Students at the Naval Postgraduate School (NPS) recently participated in a warfare innovation workshop designed to challenge students to analyze a series of scenarios wherein U.S. forces are drawn into a conflict in the South China Sea.
The university’s warfare innovation workshops, led by the Consortium for Robotics and Unmanned Systems Education and Research (CRUSER), explore advanced problems as directed by naval commands and researchers at NPS. The most recent workshop directly supported the efforts of the Navy Warfare Development Command and the Office of Chief of Naval Operations (OPNAV) as these organizations strive to envision future conflicts and the Navy’s response to them in support of U.S. national security.
“The warfare innovation workshop is actually a series of workshops that occur about once every six months, allowing our faculty and sponsors to leverage the operational experience of our students,” said NPS Department of Operations Research Professor of Practice, retired Navy Capt. Jeff Kline.
Workshop attendees sought to answer questions posed in recent years by Navy leadership regarding the manner in which the sea service should respond to emerging technologies that may potentially limit the abilities of naval forces to either communicate or navigate.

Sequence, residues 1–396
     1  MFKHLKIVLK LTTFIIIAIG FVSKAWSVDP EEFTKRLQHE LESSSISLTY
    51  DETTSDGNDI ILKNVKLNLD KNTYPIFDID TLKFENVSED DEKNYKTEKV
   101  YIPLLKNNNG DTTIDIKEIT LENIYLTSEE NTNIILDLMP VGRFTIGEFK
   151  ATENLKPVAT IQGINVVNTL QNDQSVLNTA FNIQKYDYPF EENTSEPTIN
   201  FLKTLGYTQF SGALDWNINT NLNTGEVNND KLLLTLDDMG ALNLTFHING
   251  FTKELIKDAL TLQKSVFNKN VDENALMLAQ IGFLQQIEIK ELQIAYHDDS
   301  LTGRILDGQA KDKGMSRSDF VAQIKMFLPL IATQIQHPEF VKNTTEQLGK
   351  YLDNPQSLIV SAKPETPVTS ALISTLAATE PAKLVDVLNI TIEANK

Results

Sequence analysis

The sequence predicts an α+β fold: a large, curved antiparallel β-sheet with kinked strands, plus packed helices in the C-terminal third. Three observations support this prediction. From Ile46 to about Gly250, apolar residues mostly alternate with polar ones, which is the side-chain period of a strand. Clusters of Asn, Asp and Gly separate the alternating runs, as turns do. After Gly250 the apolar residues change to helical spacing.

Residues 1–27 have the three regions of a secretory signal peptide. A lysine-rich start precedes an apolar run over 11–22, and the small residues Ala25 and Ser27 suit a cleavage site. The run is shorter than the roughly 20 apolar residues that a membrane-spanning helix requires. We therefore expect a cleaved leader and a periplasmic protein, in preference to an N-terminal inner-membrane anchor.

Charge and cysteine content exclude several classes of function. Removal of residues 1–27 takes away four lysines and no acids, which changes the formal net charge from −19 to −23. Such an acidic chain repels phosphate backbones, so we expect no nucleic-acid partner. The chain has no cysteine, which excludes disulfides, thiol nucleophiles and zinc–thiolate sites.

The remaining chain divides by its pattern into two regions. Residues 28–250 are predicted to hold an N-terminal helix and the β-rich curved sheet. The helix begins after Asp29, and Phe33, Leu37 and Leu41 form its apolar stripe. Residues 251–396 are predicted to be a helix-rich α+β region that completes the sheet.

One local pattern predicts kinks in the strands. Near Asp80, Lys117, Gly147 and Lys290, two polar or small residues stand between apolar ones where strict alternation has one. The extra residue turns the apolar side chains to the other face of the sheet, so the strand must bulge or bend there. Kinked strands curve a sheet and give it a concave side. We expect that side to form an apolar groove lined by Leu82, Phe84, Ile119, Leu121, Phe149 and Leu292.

Also sought was the answer to questions about the Navy’s ability to mitigate the targeting risk posed by large vessels like aircraft carriers that, due to their size and capabilities, are high-value enemy targets. Students explored small flotillas of manned and unmanned systems that can operate in a manner, and with the capabilities associated with, larger fleets or air wings under a concept known as the Distributed Air Wing and Surface Capabilities.
“We challenged our students to explore advanced concepts that will allow the U.S. and its allies to operate under the Anti-Access Area Denial (A2AD) umbrella on and over the sea, in an emission-controlled environment, by using the distributed air wing capabilities concept and flotillas with small missile-equipped ships,” said Kline.
“The concepts are a response to robust A2AD development efforts underway in countries like China and Iran who have developed asymmetric responses to counter our ability to operate freely throughout the world’s oceans,” continued Kline. “These nations are using small boat swarms, missile boats, and mini-submarines. We are thinking about how we can augment our capabilities to counter these tactics.”